Given recent events and a longstanding concern for certain restraint positions causing positional asphyxia, we took the time to dive into this subject more by discussing how and why this occurs along with the surrounding evidence.
There are multiple instances of suspected or confirmed positional asphyxia from restraints with the image above being from a 2013 case (image above was when law enforcement wanted to show proper technique) and most recently George Floyd (ABC, CBS, and CNN reports regarding autopsies).
Positional asphyxia, or difficulty breathing due to how someone is being held, carries the potential of being lethal. While it is not always related to restraints, improper restraints are a recurring concern.
What makes it so dangerous? Simply, it’s a combination of factors: metabolic acidosis, position, and decreased blood flow are three main elements.
Metabolic acidosis can occur in states of extreme stress or exertion (such as with certain drug use like methamphetamine and cocaine, prolonged exercise like marathons, or fighting against restraints). In the medical setting with combative patients, excited delirium and excess catecholamines are common causes and carry with them their own risks. During this metabolic acidosis, the body will attempt measures to rid itself of the abnormal pH including “blowing off” the acid as carbon dioxide (CO2) which itself is an acid.
This becomes complicated by physical restraint. Certain positions, especially laying prone (face down), can make it harder to breathe. Add in restraining the arms behind someone and pressure to the back to further limit lung expansion (commonly seen in "hogtie" positions commonly referred to as hobble or prone maximal restraint position [PRMP]). If the person restrained cannot take a deep enough breath, they cannot blow off that CO2 fast enough and the acidosis can worsen.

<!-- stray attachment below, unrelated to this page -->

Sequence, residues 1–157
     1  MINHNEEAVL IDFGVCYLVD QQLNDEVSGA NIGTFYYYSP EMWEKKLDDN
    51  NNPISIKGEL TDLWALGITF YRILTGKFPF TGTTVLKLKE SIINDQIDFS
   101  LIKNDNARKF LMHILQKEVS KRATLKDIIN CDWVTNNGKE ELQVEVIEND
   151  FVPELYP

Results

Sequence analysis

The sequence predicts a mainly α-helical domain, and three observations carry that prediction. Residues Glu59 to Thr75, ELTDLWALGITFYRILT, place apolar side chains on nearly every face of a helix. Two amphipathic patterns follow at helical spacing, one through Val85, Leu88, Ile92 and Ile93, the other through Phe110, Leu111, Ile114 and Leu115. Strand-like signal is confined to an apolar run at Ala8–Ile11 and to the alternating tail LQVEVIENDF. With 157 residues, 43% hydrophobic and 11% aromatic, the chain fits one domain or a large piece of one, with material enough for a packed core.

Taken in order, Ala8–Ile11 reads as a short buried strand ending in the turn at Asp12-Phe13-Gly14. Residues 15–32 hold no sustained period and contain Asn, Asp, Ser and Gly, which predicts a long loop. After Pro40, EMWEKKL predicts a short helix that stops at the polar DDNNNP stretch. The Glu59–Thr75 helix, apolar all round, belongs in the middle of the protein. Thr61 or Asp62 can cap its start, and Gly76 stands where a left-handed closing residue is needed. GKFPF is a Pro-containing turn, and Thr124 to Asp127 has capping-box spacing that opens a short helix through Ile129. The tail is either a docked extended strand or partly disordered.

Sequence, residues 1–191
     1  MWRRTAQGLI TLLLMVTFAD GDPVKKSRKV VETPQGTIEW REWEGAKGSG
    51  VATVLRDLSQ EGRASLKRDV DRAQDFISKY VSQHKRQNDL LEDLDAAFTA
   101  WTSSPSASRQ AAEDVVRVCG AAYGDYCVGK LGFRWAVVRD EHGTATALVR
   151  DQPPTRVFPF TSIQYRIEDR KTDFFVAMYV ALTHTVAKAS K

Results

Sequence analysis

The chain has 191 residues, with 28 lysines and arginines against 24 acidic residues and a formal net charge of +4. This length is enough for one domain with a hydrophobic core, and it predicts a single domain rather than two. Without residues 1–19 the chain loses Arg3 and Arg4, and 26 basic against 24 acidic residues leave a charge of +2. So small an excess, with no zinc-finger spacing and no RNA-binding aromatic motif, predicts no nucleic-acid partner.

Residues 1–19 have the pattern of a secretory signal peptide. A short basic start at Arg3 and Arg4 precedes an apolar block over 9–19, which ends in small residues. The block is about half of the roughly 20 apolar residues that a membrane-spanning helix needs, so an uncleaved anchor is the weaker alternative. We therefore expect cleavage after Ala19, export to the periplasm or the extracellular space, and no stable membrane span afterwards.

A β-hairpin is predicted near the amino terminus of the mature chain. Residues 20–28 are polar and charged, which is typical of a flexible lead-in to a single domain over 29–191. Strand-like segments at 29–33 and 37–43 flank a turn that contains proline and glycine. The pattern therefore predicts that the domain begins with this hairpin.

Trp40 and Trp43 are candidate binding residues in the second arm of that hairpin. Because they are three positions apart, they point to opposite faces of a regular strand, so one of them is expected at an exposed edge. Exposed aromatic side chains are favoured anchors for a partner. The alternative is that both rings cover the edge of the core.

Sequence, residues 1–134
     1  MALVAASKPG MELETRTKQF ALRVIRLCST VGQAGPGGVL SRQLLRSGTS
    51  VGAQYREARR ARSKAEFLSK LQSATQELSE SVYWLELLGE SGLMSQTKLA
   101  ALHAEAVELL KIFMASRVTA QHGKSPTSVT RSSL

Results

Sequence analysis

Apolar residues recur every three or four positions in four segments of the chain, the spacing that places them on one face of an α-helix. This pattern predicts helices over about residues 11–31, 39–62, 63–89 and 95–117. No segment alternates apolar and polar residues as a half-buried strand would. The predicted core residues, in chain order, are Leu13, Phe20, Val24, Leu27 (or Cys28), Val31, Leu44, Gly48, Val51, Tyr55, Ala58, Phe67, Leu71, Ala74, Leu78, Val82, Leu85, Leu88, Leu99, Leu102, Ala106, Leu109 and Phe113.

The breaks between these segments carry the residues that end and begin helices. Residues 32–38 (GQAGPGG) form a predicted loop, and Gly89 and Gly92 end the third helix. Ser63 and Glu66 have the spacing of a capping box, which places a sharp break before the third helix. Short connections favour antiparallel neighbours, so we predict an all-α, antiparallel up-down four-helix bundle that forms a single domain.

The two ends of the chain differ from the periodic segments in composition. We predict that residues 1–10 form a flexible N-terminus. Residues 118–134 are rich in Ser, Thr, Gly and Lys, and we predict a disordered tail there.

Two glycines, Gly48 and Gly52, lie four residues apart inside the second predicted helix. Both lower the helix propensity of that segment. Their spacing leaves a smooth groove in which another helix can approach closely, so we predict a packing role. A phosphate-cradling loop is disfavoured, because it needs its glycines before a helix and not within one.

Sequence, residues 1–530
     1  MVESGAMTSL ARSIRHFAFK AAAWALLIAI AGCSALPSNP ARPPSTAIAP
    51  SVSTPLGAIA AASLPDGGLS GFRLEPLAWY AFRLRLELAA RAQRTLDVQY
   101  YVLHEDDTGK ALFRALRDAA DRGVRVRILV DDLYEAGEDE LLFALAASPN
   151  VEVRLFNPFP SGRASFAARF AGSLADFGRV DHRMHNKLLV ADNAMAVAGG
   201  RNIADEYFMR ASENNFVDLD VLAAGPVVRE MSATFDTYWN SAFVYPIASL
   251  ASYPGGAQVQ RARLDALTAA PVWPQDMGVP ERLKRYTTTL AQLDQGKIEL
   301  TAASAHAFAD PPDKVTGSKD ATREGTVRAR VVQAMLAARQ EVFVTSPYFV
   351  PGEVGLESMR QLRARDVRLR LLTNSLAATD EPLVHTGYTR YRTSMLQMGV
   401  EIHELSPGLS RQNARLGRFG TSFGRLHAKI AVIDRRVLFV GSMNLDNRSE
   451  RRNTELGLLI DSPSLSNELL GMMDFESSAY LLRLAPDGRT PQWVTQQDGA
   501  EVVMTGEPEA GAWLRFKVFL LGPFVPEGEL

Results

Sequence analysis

Then there is an issue with blood flow. Manual compression of arteries including to the head and neck further decrease blood flow. Not enough blood to vital organs including the brain makes it harder for them to function and help with breathing as well as numerous other functions. Eventually, this combination of these factors will lead to unconsciousness.
Once unconscious, the body will relax and those muscles that were helping keep the chest expanded and protecting the arteries to stay more open will collapse. The lack of guarding will lead to less and less oxygenated blood and worsening acidosis.
What this means is that a person left in such a position for even a short length of time can be potentially lethal. Even with proper medical care, resuscitation is extremely difficult and often unsuccessful.
It is a common misconception that when someone says, “I can’t breathe” that they indeed are breathing adequately. It is common for people to take the "I can't breathe" to literally only mean respiratory arrest or instances of complete occlusion of the airway such as with choking. However, any time someone says they feel like the are unable to breathe adequately, this should be treated first as an immediate life threat until proven otherwise.
How does positional asphyxia differ from traumatic asphyxia? Simply, traumatic asphyxia is a cardiovascular phenomenon resulting from a sudden dramatic increase in intrathoracic pressure from severe compression of the chest. Blood is forced back through the venous system causing significant facial edema and jugular venous distention (JVD). It will lead to cyanosis of the upper extremities, head, and neck with petechiae (microvessel rupture) often being present. This type of asphyxia is most commonly seen during motor vehicle collisions (MVCs), industrial accidents, and farming accidents where there is a significant force being applied to the chest and usually very quickly. Think of someone's chest hitting the steering wheel or a tractor landing on a person's chest.
Strangulation is also different from asphyxia. It is usually seen as mechanical or vascular. Usually, in mixed martial arts (MMA) the technique is vascular as it is much faster than mechanical strangulation. The goal in MMA is to cause a quick loss of consciousness or force the opponent to quit ("tap out"). Mechanical strangulation is usually seen with hanging or throttling. These will usually leave evidence seen on autopsy such as edema and contusions to the area strangled, edema and crush injury to the larynx or trachea, fracture of the hyoid bone, and petechiae to the eyes.